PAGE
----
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(Steven Limentani/UGA Athletics)
Georgia's Jordan Davis (99) came through for the Bulldogs in a big way when he moved into the rotation in the interior defensive line.

SPRING PREVIEW: Georgia defense has its ‘man in the middle’ in sophomore Jordan Davis

Chip Towers


Part X: The defensive tackles

This is Part 10 in a series breaking down and analyzing each position group for the Georgia Bulldogs in advance of spring football practice, which is scheduled to begin on March 19.

ATHENS — Jordan Davis is a noseguard in every sense of the football term. He’s 6-feet, 6 inches tall — 6-8 when measured to the top of his hair — and weighs at least 320 pounds. That’s what Georgia lists him as weighing. He was 355 as a senior at Charlotte’s Mallard Creek High, and since he’s gotten in the weight room at UGA, he can make 330 look svelte.

Whatever his weight, Davis gives the Bulldogs what they need in the middle of their defense.

“He hasn’t arrived yet,” Georgia coach Kirby Smart warned of the rising sophomore. “But of all our kids that I’m most proud of, he’s worked the hardest to get where he is. … This kid has grinded. He’s grinded himself into a very productive, hard-to-block player.”

Davis earned freshman All-America honors while playing in 11 of Georgia’s 14 games last year, starting four. But his wasn’t an immediate impact. A 3-star prospect coming out of high school, Davis showed up to campus overweight and was not in the Bulldogs’ immediate plans. He got on the field early only against second-level competition and because Georgia was thin at his position, no pun intended.

But by running and working out extra on the side, Davis was able to achieve the goal weight that Smart set for him — 320 — and start getting into the interior line rotation on a regular basis. It wasn’t until the LSU game in the seventh week of the season that Davis started logging the majority of snaps in the interior gaps. After recording seven tackles against the Tigers, Davis started the next three games four of the next six at what is technically the “noseguard” position.

After starting against Alabama in the SEC Championship Game, Davis suffered a back injury in the weight room and was unable to play against Texas in the Sugar Bowl. He’s expected to make a full recovery for spring ball.

“It was just about him developing and learning the system and getting in shape and what-not,” said fellow tackle Michael Barnett. “I just think he’s a phenomenal player who takes it all in and buys into what we’re telling him when we try to coach him up. I think he’s going to be a ball player and a play-maker here in the future.”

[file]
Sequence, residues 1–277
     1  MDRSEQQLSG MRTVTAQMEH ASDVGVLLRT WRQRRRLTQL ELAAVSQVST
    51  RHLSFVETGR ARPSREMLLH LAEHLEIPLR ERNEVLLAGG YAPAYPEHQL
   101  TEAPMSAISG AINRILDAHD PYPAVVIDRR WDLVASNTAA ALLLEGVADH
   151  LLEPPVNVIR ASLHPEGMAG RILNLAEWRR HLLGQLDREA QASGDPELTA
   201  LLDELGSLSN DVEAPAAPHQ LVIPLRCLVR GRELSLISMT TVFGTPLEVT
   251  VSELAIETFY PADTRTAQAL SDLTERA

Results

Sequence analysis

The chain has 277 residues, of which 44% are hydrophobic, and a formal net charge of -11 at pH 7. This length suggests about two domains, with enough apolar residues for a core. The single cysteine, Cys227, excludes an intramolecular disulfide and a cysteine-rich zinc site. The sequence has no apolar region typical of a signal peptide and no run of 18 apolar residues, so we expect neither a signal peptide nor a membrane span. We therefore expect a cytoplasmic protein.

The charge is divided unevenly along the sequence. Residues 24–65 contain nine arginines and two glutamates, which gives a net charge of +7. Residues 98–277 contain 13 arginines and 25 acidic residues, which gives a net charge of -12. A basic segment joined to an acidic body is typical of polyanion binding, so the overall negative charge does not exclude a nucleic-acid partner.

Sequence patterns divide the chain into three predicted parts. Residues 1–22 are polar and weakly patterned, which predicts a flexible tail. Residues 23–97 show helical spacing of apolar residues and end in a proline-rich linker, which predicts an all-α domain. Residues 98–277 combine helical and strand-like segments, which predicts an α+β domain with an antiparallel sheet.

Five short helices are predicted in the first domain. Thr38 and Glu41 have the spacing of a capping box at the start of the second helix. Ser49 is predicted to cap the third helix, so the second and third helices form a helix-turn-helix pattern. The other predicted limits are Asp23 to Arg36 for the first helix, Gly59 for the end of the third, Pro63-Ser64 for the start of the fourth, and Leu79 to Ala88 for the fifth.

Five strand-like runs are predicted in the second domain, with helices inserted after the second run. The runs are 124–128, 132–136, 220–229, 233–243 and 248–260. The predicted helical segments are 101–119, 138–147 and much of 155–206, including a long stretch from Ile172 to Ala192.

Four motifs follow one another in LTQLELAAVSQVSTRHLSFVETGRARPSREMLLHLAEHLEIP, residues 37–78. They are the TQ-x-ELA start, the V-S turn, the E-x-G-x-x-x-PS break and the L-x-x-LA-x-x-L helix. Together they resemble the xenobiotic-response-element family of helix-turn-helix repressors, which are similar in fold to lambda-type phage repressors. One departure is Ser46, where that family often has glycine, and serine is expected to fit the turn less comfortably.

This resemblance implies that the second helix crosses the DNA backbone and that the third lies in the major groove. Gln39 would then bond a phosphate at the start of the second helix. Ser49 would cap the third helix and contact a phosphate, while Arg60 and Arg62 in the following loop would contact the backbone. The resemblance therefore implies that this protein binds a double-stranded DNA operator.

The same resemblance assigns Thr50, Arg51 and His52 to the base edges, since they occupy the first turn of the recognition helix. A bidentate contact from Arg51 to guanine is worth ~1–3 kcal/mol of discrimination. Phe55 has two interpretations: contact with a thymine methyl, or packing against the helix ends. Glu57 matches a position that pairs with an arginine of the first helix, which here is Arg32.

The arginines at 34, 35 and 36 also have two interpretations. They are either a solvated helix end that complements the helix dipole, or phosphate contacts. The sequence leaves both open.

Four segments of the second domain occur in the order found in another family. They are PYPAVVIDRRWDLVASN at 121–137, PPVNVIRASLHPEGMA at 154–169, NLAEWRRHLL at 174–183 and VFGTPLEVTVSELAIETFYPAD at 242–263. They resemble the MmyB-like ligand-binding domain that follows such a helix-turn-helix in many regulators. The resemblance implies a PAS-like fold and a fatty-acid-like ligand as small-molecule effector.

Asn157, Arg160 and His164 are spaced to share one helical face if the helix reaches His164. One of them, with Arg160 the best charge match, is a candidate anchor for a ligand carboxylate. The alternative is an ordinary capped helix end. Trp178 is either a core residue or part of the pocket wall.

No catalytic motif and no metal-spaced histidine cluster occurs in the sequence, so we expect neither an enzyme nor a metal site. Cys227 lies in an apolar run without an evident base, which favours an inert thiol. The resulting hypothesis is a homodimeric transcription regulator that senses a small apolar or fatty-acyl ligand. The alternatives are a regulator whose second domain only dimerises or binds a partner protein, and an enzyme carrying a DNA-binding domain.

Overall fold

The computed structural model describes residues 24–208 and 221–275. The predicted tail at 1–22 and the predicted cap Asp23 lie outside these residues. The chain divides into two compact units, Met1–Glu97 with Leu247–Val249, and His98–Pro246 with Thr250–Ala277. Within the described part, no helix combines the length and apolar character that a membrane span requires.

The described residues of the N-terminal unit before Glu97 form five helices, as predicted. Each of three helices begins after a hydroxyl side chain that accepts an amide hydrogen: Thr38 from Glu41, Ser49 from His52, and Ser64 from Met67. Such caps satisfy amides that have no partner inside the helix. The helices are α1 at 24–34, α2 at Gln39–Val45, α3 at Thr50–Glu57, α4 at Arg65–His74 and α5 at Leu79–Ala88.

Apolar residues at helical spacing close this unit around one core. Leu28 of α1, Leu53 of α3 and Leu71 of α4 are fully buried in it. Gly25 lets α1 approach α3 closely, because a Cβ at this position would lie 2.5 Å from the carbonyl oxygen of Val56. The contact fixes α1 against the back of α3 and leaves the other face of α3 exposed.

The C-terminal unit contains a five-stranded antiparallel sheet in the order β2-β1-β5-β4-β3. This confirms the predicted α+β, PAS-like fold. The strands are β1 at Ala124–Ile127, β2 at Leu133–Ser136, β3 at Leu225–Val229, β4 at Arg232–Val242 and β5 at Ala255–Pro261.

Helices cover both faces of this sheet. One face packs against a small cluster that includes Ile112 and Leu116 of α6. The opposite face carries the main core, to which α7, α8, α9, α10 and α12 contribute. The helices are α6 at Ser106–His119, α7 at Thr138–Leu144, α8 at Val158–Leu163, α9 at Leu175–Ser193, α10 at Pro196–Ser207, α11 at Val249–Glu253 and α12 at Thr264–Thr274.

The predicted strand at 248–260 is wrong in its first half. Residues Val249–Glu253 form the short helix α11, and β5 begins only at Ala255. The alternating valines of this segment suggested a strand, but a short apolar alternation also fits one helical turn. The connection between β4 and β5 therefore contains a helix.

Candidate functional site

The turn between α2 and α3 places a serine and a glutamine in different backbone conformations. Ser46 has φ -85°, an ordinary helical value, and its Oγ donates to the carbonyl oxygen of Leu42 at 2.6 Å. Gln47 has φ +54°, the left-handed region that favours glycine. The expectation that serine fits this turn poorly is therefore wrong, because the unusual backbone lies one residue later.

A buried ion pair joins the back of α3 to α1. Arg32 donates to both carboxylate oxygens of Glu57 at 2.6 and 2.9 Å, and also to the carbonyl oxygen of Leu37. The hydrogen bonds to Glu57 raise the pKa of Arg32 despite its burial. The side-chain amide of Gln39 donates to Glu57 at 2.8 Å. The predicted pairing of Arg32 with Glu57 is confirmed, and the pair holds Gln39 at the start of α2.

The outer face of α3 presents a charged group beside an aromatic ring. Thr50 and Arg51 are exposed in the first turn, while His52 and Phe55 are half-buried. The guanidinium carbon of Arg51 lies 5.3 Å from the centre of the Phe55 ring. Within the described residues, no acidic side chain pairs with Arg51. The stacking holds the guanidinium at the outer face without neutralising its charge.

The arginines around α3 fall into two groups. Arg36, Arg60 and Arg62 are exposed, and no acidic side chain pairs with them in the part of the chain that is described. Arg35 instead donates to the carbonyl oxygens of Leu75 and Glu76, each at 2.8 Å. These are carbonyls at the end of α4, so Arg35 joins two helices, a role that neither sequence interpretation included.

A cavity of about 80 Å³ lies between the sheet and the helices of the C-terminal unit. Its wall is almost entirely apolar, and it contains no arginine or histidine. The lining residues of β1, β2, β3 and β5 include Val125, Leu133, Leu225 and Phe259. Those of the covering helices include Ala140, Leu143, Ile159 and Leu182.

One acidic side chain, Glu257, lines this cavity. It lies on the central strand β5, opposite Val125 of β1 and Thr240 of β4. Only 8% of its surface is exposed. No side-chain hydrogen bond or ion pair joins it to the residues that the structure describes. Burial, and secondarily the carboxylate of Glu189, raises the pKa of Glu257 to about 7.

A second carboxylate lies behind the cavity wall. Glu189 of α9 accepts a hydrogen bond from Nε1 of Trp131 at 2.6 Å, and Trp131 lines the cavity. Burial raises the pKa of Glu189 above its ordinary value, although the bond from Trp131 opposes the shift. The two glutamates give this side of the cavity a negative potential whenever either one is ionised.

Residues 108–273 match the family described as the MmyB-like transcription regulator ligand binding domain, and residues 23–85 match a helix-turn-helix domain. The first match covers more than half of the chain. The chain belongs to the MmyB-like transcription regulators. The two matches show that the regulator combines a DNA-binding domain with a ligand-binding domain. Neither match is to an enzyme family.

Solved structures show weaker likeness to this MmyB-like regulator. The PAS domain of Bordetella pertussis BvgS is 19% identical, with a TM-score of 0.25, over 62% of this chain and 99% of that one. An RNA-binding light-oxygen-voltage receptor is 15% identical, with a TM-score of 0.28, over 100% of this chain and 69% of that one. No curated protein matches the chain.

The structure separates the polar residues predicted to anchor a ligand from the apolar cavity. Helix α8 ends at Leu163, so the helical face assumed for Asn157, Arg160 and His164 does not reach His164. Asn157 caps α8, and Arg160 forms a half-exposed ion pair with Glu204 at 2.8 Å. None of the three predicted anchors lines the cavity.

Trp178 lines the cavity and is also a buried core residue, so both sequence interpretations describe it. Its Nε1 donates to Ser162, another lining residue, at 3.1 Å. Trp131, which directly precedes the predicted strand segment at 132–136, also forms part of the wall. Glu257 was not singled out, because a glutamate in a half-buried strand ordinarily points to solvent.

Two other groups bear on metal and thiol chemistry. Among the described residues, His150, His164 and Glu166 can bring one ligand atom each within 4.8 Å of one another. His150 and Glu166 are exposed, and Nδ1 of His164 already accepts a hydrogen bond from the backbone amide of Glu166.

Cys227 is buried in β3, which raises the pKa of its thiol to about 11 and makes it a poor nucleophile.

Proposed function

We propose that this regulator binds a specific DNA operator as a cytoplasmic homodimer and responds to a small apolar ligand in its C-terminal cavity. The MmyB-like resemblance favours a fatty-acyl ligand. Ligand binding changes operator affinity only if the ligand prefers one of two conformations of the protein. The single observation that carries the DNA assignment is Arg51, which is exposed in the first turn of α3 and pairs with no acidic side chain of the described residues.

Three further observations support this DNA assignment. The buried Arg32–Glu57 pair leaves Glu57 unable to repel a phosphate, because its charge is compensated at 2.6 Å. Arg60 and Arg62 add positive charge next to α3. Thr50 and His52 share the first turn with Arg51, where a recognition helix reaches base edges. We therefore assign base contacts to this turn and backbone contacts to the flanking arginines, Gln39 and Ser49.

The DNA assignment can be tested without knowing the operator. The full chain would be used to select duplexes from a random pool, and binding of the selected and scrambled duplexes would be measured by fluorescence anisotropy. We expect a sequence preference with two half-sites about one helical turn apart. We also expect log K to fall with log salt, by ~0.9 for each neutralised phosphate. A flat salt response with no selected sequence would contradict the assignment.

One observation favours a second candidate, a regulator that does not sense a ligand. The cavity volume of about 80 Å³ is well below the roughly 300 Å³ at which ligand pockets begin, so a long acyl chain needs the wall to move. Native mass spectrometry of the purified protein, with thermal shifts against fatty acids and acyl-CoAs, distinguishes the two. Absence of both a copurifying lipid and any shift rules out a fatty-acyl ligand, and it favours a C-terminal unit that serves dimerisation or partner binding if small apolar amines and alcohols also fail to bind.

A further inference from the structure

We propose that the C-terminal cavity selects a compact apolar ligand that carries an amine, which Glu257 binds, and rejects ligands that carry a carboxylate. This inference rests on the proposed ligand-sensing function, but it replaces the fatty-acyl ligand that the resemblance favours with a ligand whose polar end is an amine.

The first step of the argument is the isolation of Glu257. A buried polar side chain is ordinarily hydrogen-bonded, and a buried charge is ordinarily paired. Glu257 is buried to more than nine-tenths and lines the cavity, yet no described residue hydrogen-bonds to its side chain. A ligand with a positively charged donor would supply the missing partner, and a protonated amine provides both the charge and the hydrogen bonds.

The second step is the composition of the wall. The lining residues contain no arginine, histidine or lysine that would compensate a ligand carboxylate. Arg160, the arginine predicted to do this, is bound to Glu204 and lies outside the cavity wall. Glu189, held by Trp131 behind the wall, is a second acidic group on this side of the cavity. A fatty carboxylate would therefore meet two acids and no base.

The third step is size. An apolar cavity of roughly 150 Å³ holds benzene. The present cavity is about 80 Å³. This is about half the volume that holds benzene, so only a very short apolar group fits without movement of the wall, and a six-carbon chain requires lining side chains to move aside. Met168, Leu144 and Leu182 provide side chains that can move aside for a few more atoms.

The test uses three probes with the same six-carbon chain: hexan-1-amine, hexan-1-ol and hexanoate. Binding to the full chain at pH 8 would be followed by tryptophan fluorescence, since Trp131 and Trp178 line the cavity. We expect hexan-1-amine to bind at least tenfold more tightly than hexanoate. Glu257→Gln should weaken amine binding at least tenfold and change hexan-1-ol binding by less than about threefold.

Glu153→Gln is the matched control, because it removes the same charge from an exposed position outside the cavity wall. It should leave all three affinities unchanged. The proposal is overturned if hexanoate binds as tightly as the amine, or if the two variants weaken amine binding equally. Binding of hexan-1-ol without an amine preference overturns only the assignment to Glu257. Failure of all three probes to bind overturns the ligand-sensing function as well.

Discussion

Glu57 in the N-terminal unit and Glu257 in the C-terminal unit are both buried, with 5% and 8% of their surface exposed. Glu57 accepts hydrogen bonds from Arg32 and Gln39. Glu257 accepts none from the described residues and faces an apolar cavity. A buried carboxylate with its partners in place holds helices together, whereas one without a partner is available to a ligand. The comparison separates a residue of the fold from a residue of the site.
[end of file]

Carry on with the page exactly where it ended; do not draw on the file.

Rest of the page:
Davis joined Barnett and Julian Rochester in a three-man rotation covering the interior gaps between the opposing centers and guards. Technically, Georgia is a 3-4 base defense built around a noseguard who plays head up on the center. But the majority of the time the Bulldogs line up in what amounts to a 4-2-5, with an outside linebacker on the line of scrimmage as an additional edge rusher.

Davis was usually on the field for first and second down, but would often be subbed out on third down for a quicker player. Davis hopes to develop into more an every-down lineman eventually.

“He doesn’t play a lot on third down, but he plays really hard when he’s in,” Smart said.

Let’s break down Georgia’s interior defensive line:


  • Returning starters: Tyler Clark, 6-4, 300, senior; Jordan Davis, 6-6, 320, sophomore; Julian Rochester, 6-5, 300, senior
  • Others returning: Michael Barnett, 6-4, 304, Sr.; Michail Carter, 6-3, 295, Sr.; Julian Rochester, 6-5, 300, Sr.; Devonte Wyatt, 6-3, 301, Jr.;  Netori Johnson, 6-4, 320, So.
  • Early enrollees: Tramel Walthour, 6-3, 280, So.
  • On the way: Zion Logue, 6-5, 295, Fr.; Tymon Mitchell, 6-3, 315, Fr., Travon Walker, 6-5, 290, Fr.
  • Analysis: Again, labeling defensive line positions in Georgia’s scheme is a maddening exercise. The Bulldogs play the match-up game when it comes to defending opposing offenses, so smaller, quicker linemen sometimes play on the interior line, and larger, stronger players sometimes venture out to line up over tackles, depending on down, distance and offensive scheme. That’s why you’ll find the versatile Rochester with 11 starts under the position heading of “multiple” in UGA’s official statistics. He’s listed as a noseguard on Georgia’s roster. Meanwhile, three of Davis’ four starts were logged as being at tackle, with the other listed under “end,” where senior Jonathan Ledbetter was a mainstay. Meanwhile, all 10 of Clark’s starts were at tackle. So obviously the Bulldogs’ defensive line situation is one size fits all. And that’s a good thing as the one attribute that Georgia can definitely bring to the defensive line position in 2019 is numbers. There are a lot of options here.
  • Bottom line: If there is one criticism to be made of the Smart Era of Georgia football, it’s in the area of interior defensive line. On the recruiting front, the Bulldogs have lost a lot of the head-to-head battles for the highest-rated prospects in the region. And while they definitely scored some victories in this latest class, interior defensive line is not generally a position at which first-year players can be expected to make a major impact. The four All-America defensive linemen from this past season, including Alabama’s Quinnen Williams and Clemson’s Christian Wilkins, were all 21 years old or older. That said, while Georgia’s defensive front may be lacking in high pedigree, it does now have some seniority and experience, as well as depth and a tremendous amount of versatility. There would appear to be enough options here that D-line coach Tray Scott and the Bulldogs’ defensive brain trust can come up with strong lineup against any offense.

UP NEXT: The options are many for successors to Jonathan Ledbetter at defensive end.


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